[0022] A, B, and C client flows are created instantly. That is, no history information is provided. The flow assignments are as follows for A: gap(N1)=1,000; gap(N2)=100, so A is assigned to N1. Assume that a constant value of 5 Mb/s is added to the network interface load. Now, gap(N1): 1,000−995=5, and gap(N2)=100. When C is assigned, gap(N1)=995, and gap(N2)=100, so C is assigned to NI. Again, assume that a constant value of 5 Mb/s is added to the network interface load. Now, gap(N1): 995−5=990, and gap(N2)=100. Based on these values, B is assigned to N1. Assume again that a 5 Mb/s constant value is added to the network interface load. Now, gap(N1): 990−5=985, and gap(N2)=100.

[0023] At this point, a protocol such as, for example, Transmission Control Protocol (“TCP”) [Transmission Control Protocol, Request For Comments (“RFC”) 793, published September 1981] tries to increase the data flow to the physical network/protocol limit. Various other protocols may similarly be used. Assuming that each flow receives a fair relative share, A will have a weighted average of 81 Mb/s; B will have a weighted average of 870 Mb/s; and C will have a weighted average of 48 Mb/s. Next, the periodic balancing timer evaluates the client flow speeds. Network interface load values are cleared, and reassignment occurs. A possible reassignment may occur as follows: gap(N1)=1000; gap(N2)=100, so B remains assigned to Ni. Now, gap(N1): 1000−870=130, and gap(N2)=100. A thus remains assigned to N1. Gap(N1): 130−81=49, and gap(N2)=100. As such, C is reassigned to N2 which then makes gap(N1)=49 and gap(N2): 100−48=52. At this point, the client protocol, such as TCP for example, tries to increase the data flow to the physical protocol/network level. A can operate at 85 Mb/s; B can function at 900 Mb/s; and C can operate at 50 Mb/s. Such is an example of an optimal assignment. Accordingly, the performance of the transmit load balancing components improve while operating in this mixed speeds environment.

[0024] While the above description refers to particular embodiments of the present invention, it will be understood to those of ordinary skill in the art that modifications may be made without departing from the spirit thereof. The accompanying claims are intended to cover any such modifications as would fall within the true scope and spirit of the present invention.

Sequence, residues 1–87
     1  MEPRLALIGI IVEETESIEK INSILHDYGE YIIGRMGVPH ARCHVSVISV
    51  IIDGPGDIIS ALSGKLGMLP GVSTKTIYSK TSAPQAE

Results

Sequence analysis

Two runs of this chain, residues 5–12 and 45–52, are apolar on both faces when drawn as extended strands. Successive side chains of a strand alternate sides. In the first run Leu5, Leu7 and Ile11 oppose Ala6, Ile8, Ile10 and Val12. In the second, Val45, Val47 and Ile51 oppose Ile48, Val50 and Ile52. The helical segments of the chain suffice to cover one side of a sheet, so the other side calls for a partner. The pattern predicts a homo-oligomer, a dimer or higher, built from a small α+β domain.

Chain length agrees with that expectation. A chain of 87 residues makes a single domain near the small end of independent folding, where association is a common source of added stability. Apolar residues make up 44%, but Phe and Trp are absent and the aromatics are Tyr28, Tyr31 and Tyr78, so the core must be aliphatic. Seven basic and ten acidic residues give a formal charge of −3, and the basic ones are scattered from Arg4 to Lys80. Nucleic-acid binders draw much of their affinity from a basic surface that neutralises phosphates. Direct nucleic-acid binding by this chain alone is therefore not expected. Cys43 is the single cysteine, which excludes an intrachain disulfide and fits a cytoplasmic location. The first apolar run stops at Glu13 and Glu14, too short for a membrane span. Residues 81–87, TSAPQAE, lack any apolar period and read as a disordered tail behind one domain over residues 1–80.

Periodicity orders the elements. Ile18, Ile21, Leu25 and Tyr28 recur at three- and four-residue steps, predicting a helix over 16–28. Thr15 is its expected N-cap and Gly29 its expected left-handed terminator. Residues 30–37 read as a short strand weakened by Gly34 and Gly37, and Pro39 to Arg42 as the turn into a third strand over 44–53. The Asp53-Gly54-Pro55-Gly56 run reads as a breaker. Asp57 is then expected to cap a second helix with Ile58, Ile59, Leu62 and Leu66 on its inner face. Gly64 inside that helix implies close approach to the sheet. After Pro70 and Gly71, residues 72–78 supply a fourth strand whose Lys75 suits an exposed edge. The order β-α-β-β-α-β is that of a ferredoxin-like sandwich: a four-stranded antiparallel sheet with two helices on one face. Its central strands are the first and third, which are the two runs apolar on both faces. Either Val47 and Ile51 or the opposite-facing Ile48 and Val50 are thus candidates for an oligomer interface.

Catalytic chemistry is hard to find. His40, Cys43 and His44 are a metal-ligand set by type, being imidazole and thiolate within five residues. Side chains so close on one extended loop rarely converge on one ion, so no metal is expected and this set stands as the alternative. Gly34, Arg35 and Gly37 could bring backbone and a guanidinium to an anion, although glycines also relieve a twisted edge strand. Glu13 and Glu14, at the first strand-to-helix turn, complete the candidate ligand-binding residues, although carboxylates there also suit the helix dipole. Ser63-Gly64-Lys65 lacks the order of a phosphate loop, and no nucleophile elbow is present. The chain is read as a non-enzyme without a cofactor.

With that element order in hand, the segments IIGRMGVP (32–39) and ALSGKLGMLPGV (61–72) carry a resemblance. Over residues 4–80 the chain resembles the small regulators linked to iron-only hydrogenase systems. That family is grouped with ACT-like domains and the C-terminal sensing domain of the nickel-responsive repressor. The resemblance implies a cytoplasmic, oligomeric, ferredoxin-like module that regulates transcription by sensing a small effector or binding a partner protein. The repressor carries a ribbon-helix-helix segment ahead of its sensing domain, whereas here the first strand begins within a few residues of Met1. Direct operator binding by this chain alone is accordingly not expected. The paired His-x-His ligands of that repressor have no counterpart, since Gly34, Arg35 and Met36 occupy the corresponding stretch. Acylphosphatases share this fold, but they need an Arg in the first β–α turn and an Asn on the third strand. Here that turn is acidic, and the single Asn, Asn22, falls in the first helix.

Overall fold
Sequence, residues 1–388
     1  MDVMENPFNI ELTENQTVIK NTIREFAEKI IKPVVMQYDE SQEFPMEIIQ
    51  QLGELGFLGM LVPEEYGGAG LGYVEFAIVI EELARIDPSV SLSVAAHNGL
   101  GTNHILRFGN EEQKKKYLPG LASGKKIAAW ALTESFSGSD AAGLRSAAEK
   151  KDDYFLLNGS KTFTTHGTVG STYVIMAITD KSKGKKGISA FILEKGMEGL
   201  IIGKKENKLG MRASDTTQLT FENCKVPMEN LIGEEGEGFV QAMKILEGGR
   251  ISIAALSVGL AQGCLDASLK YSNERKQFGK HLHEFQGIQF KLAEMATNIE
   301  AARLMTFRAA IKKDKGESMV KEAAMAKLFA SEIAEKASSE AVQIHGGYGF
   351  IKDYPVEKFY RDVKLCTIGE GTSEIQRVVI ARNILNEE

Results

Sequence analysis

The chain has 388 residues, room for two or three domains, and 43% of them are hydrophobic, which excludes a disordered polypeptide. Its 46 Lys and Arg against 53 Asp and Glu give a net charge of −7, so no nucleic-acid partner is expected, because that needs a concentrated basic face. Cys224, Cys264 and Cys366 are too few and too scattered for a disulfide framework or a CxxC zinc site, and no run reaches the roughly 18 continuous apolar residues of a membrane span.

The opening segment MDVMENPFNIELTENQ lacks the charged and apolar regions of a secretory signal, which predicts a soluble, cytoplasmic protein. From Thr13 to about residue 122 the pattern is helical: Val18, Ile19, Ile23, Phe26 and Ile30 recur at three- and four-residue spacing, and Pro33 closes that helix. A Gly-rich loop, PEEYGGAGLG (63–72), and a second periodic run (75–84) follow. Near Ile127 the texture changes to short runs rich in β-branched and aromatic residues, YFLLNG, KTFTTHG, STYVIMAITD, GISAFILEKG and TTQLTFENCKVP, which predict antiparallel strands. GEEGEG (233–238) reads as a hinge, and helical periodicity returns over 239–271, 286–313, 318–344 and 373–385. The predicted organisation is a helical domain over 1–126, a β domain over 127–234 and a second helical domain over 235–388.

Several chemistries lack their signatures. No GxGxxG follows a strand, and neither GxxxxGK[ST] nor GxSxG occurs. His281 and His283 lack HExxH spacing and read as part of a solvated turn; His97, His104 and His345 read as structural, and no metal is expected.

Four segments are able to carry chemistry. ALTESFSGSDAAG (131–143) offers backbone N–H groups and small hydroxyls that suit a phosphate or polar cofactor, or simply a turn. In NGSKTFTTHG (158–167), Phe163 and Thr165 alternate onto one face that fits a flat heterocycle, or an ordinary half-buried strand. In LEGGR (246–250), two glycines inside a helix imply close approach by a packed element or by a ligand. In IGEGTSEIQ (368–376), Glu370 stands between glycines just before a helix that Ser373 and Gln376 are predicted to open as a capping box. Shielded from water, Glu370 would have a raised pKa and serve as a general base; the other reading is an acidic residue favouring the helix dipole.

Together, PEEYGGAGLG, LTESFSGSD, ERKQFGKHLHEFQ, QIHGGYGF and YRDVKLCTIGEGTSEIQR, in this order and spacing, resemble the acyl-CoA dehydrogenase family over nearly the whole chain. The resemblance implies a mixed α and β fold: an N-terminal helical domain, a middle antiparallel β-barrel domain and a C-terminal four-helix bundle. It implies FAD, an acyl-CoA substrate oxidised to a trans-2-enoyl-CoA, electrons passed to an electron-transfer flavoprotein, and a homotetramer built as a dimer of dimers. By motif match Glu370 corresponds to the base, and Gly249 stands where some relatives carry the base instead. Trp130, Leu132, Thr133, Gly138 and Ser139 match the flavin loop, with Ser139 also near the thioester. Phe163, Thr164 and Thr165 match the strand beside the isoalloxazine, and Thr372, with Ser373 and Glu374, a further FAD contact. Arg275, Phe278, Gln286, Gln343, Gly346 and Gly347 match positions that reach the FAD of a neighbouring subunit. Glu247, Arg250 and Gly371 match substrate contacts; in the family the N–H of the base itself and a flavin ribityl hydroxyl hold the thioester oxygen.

[0025] The presently disclosed embodiments are therefore to be considered in all respects as illustrative and not restrictive; the scope of the invention being indicated by the appended claims, rather than the foregoing description. All changes that come within the meaning and range of equivalency of the claims are therefore intended to be embraced therein.

Referenced by
Citing PatentFiling datePublication dateApplicantTitle
US8463886 *Jun 24, 2005Jun 11, 2013Fujitsu LimitedMethod and apparatus for distributed computing, and computer product
WO2008017792A2 *Aug 8, 2007Feb 14, 2008Thomson LicensingMethod for the diffusion of information in a distributed network
WO2008017792A3 *Aug 8, 2007Mar 27, 2008Thomson LicensingMethod for the diffusion of information in a distributed network
Classifications
U.S. Classification709/233, 709/226
International ClassificationG06F15/173, H04L29/08, H04L12/56, H04L29/06
Cooperative ClassificationH04L67/1025, H04L67/1023, H04L69/28, H04L67/1002, H04L67/101, H04L47/125, H04L47/10
European ClassificationH04L29/08N9A3, H04L29/08N9A1J, H04L29/08N9A1C, H04L47/12B, H04L47/10, H04L29/08N9A
Legal Events
DateCodeEventDescription
Apr 12, 2011FPExpired due to failure to pay maintenance fee
Effective date: 20110220
Feb 20, 2011LAPSLapse for failure to pay maintenance fees
Sep 27, 2010REMIMaintenance fee reminder mailed
Mar 29, 2002ASAssignment
Owner name: INTEL CORPORATION, CALIFORNIA
Free format text: ASSIGNMENT OF ASSIGNORS INTEREST;ASSIGNORS:VALENCI, MOSHE;SHUSTAK, TAL;BARUCH, GIL;AND OTHERS;REEL/FRAME:012763/0074;SIGNING DATES FROM 20020326 TO 20020329